Once you understand the code, you understand why people do what they do

Interview with Clotaire Rapaille:

What are codes?

Once you understand the code, you understand why people do what they do. For example, the code for the French — once you understand the code, you may understand why [French president Jacques] Chirac reacted this way to Bush, because for the French, the code is “to think.” That’s it: to think. “I think, therefore I am” — not “I do,” “I think.” The French believe [that they are] the only thinkers of the world and that they think for the rest of the world. They believe that Americans never think; they just do things without knowing why. And so in this situation, where Bush say[s], “Let’s do it,” the French say, “No, wait, think; we need to think.”

Now, what you have to understand about the French culture is “to think” is enough. You don’t need to do anything with your thinking. The French philosopher would say, “I think, therefore I am,” where in America you have Nextel, this campaign, fantastic, “I do, therefore I am,” not “I think.” I think they’re right on target with the American code.

An example of how he helped Folgers crack the ‘code’ for coffee:

Now, the limit of what I do versus other marketing research is once I discover the code of coffee, [it’s] done; I cannot do it twice. I’ve done coffee for Folgers. Folgers owns it; it has been using it for 12 years. I can’t do coffee again. It’s done. It’s a discovery, and once you get the code, suddenly everything starts making sense, and now we understand why the Americans behave like this. Now we understand why coffee this way works and coffee this way doesn’t work. I understand why a small $29,000 Cadillac cannot sell. I understand why — because it’s off code.

How does Folgers go about owning it?

That’s a very interesting question, because at the beginning they told me: “Coffee is a commodity. How can we own something that the others do not own?” My experience is that when there is a code, it’s more complex than that. There is a code and a consistency checklist. Everything has to be on code. Everything you do should reinforce the code; not just the packaging or the communication should be on code. The leaflet, the brochures, everything should be on code. And if you are the first one to position yourself like that, knowing all the different aspects, you have a competitive edge. They might try to copy, but they don’t know the formula; they don’t know the code behind it.

For example, aroma is number one. Why? Because we imprint the aroma first, not the taste. Aroma is imprinted at a very early age, when you are around 2. Ah, and it means home, mother, feeding you, love and so on. A large majority, 90-something percent of Americans, love the aroma of coffee. Only 47 percent like the taste.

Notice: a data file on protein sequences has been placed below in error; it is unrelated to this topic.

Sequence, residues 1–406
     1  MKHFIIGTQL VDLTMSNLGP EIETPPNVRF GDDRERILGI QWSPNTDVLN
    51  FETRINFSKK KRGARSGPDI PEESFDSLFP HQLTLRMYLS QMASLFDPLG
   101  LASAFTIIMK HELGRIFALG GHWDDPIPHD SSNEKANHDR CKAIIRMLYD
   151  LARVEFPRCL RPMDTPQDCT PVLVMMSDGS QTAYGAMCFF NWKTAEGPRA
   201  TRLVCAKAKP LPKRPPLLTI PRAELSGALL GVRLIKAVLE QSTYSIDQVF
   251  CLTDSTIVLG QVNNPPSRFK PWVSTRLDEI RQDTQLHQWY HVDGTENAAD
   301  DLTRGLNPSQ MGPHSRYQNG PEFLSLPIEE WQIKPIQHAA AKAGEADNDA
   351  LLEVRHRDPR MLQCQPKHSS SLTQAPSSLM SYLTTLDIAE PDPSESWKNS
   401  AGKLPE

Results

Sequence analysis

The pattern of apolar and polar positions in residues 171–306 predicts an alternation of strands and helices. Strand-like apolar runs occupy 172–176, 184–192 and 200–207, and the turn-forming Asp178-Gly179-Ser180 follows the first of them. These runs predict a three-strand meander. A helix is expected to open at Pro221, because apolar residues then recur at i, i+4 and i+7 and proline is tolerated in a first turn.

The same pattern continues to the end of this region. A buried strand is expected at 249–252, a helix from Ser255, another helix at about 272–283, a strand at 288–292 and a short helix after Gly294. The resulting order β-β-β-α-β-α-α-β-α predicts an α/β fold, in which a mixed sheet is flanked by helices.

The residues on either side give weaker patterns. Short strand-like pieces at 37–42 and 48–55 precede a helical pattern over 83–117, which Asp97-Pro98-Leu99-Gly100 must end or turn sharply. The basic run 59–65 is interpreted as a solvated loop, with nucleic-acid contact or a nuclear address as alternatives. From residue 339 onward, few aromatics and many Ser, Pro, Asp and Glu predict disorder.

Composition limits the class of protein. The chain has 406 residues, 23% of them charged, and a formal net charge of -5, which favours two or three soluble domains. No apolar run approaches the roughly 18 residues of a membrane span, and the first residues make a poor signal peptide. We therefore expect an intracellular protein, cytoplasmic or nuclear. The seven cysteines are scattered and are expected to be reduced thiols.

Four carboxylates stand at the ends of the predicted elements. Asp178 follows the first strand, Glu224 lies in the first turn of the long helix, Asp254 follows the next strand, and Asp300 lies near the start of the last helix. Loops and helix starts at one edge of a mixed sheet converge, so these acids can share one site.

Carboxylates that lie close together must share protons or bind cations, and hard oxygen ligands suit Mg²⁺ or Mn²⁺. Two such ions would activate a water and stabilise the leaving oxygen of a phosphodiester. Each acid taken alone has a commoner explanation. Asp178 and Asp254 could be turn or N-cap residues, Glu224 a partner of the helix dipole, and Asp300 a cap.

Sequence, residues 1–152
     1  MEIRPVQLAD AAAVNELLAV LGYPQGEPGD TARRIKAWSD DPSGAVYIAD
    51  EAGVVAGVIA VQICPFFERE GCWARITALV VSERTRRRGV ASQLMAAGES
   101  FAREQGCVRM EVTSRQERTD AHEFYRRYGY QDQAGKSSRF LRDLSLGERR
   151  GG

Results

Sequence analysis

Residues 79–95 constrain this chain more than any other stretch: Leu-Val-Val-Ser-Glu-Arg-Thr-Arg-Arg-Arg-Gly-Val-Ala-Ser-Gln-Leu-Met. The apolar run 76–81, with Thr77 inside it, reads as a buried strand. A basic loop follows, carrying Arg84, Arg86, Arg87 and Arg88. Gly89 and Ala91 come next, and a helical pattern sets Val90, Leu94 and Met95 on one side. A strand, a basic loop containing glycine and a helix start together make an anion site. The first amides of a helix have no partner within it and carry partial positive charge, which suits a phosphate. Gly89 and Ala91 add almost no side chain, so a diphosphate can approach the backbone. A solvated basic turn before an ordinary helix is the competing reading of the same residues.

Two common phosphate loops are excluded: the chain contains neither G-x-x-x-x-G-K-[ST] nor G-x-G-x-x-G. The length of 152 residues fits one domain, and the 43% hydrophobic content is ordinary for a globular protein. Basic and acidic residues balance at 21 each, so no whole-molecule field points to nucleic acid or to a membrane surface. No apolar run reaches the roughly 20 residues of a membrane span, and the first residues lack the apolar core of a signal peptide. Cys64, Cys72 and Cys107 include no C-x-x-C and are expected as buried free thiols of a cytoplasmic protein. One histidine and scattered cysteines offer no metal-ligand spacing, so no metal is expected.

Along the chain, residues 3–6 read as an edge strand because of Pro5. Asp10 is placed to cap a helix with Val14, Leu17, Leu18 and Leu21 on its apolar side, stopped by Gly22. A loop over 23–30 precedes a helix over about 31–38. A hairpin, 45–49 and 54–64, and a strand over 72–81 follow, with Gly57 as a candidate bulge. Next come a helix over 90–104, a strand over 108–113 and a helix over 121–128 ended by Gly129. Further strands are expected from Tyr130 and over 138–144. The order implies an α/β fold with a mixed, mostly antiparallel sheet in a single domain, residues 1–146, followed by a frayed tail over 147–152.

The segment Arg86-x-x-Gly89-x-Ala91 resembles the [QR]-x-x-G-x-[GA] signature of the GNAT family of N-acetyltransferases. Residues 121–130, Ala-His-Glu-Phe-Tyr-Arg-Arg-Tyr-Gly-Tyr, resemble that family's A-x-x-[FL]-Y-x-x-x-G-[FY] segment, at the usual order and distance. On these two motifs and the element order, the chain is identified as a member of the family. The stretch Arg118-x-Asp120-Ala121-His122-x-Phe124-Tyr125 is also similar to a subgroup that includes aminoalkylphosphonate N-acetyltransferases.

I don’t know if you remember this commercial, but it was really on code. You have a young guy coming from the Army in a uniform. Mother is upstairs asleep. He goes directly to the kitchen, “Psssst,” open the coffee, and the smell — you know, because we designed the packaging to make sure that you smelled it right away. He prepares coffee; coffee goes up; the smell goes upstairs; the mother is asleep; she wakes up; she smiles. And we know the word she is going to say, because the code for aroma is “home.” So she is going to say, “Oh, he is home.” She rushed down the stairs, hugged the boy. I mean, we tested it. At P&G they test everything 400 times. People were crying. Why? Because we got the logic of emotion right.

On Jeeps:

When I worked with Chrysler, for example, we discovered that Jeeps should not have square headlights. That’s a very practical thing: no square headlights. Why? I don’t want to go into anything secret, but let’s suppose the code for a Jeep is an animal like a horse. You don’t see a horse with square eyes. The Jeep people didn’t say that; they said, “Yes, I want round headlights, like a face.” And we use the face of the Jeep with the grille as a logo for Jeep. So when I discovered that, that was like a very reptilian dimension. And since then, no Jeep Wranglers have square headlights.

What is the difference between good and bad marketing research? It works. Good marketing research works. When we say it works, it means that marketers understand the real need of the customers — sometimes unspoken — and they deliver. Right now you have a whole industry — the airline industry — that doesn’t understand at all their customers. They’re making big, big mistake. They still don’t understand. Why? Because they have marketing research that goes to the people and says: “What do you want? Do you want cheaper or more expensive?” And of course people say cheaper. So they say, “You see, they want cheaper, so we’re going to give them cheaper airlines, cheaper, cheaper.” Now this is how, in terms of reptilian, [cheaper is interpreted]: “I can’t breathe; I can’t move; they don’t feed me.” This is awful, right? So I’m not flying anymore. I drive my car. Why? Because they’ve not taken care of my reptilian. And then emotionally they treat me like, you know, [I’m] checking [into] a high-security prison.


How can I decode this kind of behavior which is not a word? My theory is very simple: The reptilian always wins. I don’t care what you’re going to tell me intellectually. I don’t care. Give me the reptilian. Why? Because the reptilian always wins.

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